Indian Journal of Radiology and Imaging Indian Journal of Radiology and Imaging

: 2003  |  Volume : 13  |  Issue : 3  |  Page : 291--293

Osteoid osteoma of the cervical spine : Case report and review of literature

KS Murugan 
 Clarity MRI Centre, 163, Gokale Street, Ramnagar, Coimbatore-641 009, Tamilnadu, India

Correspondence Address:
K S Murugan
Clarity MRI Centre, 163, Gokale Street, Ramnagar, Coimbatore-641 009

How to cite this article:
Murugan K S. Osteoid osteoma of the cervical spine : Case report and review of literature.Indian J Radiol Imaging 2003;13:291-293

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Murugan K S. Osteoid osteoma of the cervical spine : Case report and review of literature. Indian J Radiol Imaging [serial online] 2003 [cited 2021 Jan 18 ];13:291-293
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Osteoid osteoma, a benign osteoid forming tumour may be found in any bone in the body. 10% of cases involve the spine. Lumbar spine is the commonest site (59%) with the neural arch being the usual location (75%). We report two cases of cervical spine osteoid osteomas diagnosed with MRI, one involving the vertebral body and the other involving the neural arch. The atypical MR imaging features and the importance of CT scan in the diagnosis are highlighted.

Case I:

A 12 years old boy presented with severe pain in the cervical region and torticollis.

Neurological examination was unremarkable with normal muscle strength. The laboratory findings were within normal limits. Radiographic evaluation of cervical spine was essentially normal. MRI with T1 weighting [Figure 1] demonstrated diffuse low signal intensity within the pedicle and lamina of C4 vertebra on the right side in the parasagittal sections, with corresponding high signal on T2 weighting [Figure 2]. No abnormal soft tissue component was seen. CT demonstrated sclerosis of the right pedicle and lamina surrounding a lytic lesion with central calcific nidus [Figure 3]. The radiological diagnosis was osteoid osteoma.

Patient underwent hemilaminectomy. Histology demonstrated a circumscribed focus of vascularised fibro-connective tissue containing ossification, consistent with osteoid osteoma.

Case 2:

A 21 years old male presented with neck pain for the past 5 months. The presentation and results of initial evaluation were similar to the first case. MRI with T1 weighting [Figure 4] showed diffuse low signal intensity within the left half of C4 vertebral body with hyperintensity on T2 weighting [Figure 5]. CT showed sclerosis in the left half of vertebral body with a central lucent nidus [Figure 6], consistent with osteoid osteoma. No central calcification was noted in this case. Partial corpectomy and histological evaluation confirmed the diagnosis.


Described by Jaffe in 1935, osteoid osteoma is a benign skeletal neoplasm consisting of a highly vascularised nidus of connective tissue surrounded by sclerotic bone. The nidus is usually less than 15mm and when larger is classified as osteoblastoma.

Osteoid osteoma comprises 10% of all benign bone tumors and only 1% of all spinal tumors [1]. Jackson reviewed 860 cases of osteoid osteoma and found that 10% occurred in the spine: 59% occurred in the lumbar spine, 27% in the cervical spine, 12% in the thoracic spine and 2% in the sacrum. The posterior element was involved in 75% of cases and only 7% occurred in the vertebral body.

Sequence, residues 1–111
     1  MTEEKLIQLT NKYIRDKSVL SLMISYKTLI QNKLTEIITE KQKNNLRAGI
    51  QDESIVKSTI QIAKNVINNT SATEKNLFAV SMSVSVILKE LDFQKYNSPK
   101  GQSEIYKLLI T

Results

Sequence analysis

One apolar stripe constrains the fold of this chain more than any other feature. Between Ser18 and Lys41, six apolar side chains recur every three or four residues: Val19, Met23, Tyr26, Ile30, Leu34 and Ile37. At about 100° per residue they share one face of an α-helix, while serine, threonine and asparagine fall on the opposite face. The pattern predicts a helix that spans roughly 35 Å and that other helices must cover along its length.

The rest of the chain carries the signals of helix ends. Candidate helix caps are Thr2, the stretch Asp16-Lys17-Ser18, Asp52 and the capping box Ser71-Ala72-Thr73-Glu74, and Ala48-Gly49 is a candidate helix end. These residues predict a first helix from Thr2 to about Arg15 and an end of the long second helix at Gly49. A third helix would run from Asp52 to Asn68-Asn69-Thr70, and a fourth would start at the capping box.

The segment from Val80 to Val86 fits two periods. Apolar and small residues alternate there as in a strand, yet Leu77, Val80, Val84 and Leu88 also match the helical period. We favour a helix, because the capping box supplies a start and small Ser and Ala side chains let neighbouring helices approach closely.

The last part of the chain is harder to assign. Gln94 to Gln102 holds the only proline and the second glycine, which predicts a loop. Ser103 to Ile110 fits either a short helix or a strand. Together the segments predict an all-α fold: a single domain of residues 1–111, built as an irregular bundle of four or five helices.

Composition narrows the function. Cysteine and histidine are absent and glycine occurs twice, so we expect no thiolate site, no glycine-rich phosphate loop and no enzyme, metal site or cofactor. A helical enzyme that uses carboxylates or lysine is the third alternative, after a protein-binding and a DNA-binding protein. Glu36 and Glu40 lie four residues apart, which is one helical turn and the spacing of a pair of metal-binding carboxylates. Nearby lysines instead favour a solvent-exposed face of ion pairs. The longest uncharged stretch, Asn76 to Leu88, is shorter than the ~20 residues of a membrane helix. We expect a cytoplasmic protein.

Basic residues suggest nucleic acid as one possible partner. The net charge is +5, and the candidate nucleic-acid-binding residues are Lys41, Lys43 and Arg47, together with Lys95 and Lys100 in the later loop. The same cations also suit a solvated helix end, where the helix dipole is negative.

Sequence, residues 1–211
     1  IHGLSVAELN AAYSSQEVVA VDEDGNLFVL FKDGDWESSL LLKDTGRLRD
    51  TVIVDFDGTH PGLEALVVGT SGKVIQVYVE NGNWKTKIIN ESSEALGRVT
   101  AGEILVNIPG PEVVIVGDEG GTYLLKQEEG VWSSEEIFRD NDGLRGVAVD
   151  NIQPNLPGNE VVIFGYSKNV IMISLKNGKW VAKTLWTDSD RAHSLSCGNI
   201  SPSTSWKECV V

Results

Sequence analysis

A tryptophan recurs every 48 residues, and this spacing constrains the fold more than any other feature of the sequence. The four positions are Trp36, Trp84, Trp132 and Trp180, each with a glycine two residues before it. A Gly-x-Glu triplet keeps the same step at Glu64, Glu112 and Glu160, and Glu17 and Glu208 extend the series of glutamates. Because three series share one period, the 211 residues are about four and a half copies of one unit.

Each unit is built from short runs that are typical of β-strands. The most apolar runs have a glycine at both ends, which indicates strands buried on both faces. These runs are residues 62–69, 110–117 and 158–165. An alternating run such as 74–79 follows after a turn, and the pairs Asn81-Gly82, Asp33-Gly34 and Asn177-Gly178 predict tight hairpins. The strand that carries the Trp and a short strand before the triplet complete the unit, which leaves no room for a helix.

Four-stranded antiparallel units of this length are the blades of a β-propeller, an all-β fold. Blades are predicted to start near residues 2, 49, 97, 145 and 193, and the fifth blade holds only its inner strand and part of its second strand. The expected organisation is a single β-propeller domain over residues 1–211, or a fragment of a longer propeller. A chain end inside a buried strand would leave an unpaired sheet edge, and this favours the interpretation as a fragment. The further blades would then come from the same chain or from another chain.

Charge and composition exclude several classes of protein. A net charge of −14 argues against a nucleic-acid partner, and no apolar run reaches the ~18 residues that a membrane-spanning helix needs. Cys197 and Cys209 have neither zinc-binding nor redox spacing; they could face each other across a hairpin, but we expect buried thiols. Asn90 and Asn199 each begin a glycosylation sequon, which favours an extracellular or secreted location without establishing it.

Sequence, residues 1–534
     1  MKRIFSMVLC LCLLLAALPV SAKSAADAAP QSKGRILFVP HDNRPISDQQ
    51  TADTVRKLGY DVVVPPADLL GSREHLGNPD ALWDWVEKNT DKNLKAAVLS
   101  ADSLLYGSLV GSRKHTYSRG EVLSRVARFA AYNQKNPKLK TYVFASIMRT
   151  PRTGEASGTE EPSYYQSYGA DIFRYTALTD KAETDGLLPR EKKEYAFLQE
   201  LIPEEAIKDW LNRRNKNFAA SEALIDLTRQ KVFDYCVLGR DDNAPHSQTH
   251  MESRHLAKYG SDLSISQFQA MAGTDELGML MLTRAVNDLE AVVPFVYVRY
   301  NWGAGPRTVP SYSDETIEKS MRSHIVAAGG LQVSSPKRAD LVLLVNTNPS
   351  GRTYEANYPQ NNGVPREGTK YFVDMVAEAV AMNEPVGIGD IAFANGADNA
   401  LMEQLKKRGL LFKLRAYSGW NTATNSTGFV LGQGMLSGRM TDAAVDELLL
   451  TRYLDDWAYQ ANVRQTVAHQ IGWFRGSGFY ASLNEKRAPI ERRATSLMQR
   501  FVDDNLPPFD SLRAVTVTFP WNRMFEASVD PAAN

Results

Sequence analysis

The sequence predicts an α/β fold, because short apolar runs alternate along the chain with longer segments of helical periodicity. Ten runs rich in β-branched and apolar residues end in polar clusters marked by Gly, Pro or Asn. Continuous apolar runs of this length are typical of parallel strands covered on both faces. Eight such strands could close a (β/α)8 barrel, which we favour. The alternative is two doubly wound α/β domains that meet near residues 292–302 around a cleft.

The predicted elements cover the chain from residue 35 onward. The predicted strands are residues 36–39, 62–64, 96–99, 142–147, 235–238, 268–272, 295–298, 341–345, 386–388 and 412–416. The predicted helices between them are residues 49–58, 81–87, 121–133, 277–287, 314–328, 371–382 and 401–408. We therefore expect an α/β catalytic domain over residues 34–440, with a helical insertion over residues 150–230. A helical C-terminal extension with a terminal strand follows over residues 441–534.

There have been only six previously reported cases of osteoid osteoma of cervical vertebral body [2],[3]. In one of our two cases the lesion was involving the vertebral body and the other involving the lamina.

Patients with osteoid osteoma are usually younger and rarely present after 30years of age. Approximately half of all cases present between the ages of 10 and 20 years. The male: female ratio is 2-4:1.

Local pain and tenderness is the presenting symptom in over 95% of cases. Scoliosis and torticollis may be presenting features in thoraco-lumbar and cervical spine regions.

The complex spinal anatomy may make osteoid osteoma almost impossible to visualize on conventional radiography [4]. Radionuclide bone scanning is more reliable than conventional radiography. The intense osteoblastic activity within the nidus results in a focal uptake surrounded by a decreased uptake owing to the sclerotic bone creating the 'Double density' sign that is typical [5].

CT is the most reliable imaging modality in the diagnosis [6]. Typically dense sclerosis surrounding a lytic lesion that may have a central calcific nidus is noted.

On MRI, osteoid osteoma demonstrates a heterogeneous appreance. The calcification within the nidus and surrounding bony sclerosis are of low signal intensity on short TR and long TR images [7]. Hence, the nidus is usually less conspicuous on MR images than CT scans depending on the extent of calcification. In contrast, marrow edema and soft tissue inflammation are usually well depicted by MR imaging as high signal intensity on long TR images [8].

In conclusion osteoid osteoma of cervical spine is a rare entity. CT scan is the imaging modality of choice for the diagnosis. However in the given clinical context of patients presenting with neck pain, MRI is more commonly performed to rule out disc disease. Therefore it is imperative to recognize the important but atypical MR imaging features of this entity. CT scan will be then the most valuable complimentary investigation to confirm the diagnosis.


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